Homage to Richard Hamilton's, "Just What Is It That Makes Today's Homes..."

Above is my homage to Richard Hamilton's work, "Just what is it that makes today's homes so different, so appealing?"  

Do you remember the first time you experienced Art?  For me, it was a library book, most likely on Pop Culture Art, that had Hamilton's work as an example. I was probably around the age of seven.

Most Art historians will agree his  work was one of the first examples of "Pop Art."  I so enjoy the contemporary references that are detailed in the links above in reference to Hamilton's works.  And as one who loves Pop Art, his work is most special to me. 

In my work, we are, as well as in our relationships, our homes and even child rearing, impacted (if not directly influenced) by the Internet.  No longer is our home a sanctuary from the outside world, but its once secure boundaries fail with the inclusion of WIFI.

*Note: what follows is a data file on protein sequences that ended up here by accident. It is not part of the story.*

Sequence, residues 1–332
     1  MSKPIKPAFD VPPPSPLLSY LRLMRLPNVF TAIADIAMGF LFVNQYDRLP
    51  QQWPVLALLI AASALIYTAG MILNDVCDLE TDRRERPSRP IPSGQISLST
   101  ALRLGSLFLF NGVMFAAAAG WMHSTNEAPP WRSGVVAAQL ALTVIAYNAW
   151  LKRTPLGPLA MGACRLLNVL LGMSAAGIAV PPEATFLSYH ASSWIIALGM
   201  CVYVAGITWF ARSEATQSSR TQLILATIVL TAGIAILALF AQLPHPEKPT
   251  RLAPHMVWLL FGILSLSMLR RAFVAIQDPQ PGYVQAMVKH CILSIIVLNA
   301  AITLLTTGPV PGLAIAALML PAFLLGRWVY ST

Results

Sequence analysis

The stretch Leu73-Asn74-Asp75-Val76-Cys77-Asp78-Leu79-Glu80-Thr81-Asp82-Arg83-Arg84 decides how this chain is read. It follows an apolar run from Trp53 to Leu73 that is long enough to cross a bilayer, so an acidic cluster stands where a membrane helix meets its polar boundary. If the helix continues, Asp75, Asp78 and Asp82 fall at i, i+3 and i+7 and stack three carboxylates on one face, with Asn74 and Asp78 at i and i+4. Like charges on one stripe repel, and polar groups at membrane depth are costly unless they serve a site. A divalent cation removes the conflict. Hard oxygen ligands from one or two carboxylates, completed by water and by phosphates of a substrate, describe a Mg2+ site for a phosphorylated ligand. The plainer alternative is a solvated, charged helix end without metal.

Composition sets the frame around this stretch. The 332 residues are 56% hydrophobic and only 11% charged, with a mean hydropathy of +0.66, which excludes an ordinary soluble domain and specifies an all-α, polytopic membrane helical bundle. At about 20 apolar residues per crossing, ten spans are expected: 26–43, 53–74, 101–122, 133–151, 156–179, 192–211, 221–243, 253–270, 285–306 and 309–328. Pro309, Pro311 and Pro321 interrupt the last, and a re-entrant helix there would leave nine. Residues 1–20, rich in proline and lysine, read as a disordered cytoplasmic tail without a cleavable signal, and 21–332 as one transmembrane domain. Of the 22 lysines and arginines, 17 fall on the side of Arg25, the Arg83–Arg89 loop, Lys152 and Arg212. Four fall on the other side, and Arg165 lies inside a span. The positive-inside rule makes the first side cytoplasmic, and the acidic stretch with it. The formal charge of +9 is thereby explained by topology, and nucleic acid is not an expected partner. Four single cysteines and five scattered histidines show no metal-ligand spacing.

Also, never have we been more aware of information and sharing of the same; we can instantly answer questions and return answers.  Never before in the history of mankind has knowledge been less restricted to the common man and woman. Literally, we are on top of the world.  We live in a golden age of knowledge. 

My work has a few references that will not be evident in the image above.  L.C.R. Licklider was one of the founders of what would become as we know it, affectionately, "the Internet."  My psychedelic rendition of him dominates the living room window.  His image, rightly so, is web emeshed.  He wrote, in 1960, an academic article, entitled, "Man-Computer Symbiosis,"    Again, this was in 1960!  Is it comforting, or not, that really nothing has changed in the last 54 years?  For me, the comfort and challenge is the same, a ying/yang that recognized both our opportunities and losses.  

And of course, any reference to Pop Culture and the Internet would not be complete without a reference to creator of the Internet, Al Gore


Just what is it that makes today's homes so different, so appealing in 2014?



J.C.R. Licklider

Man-Computer Symbiosis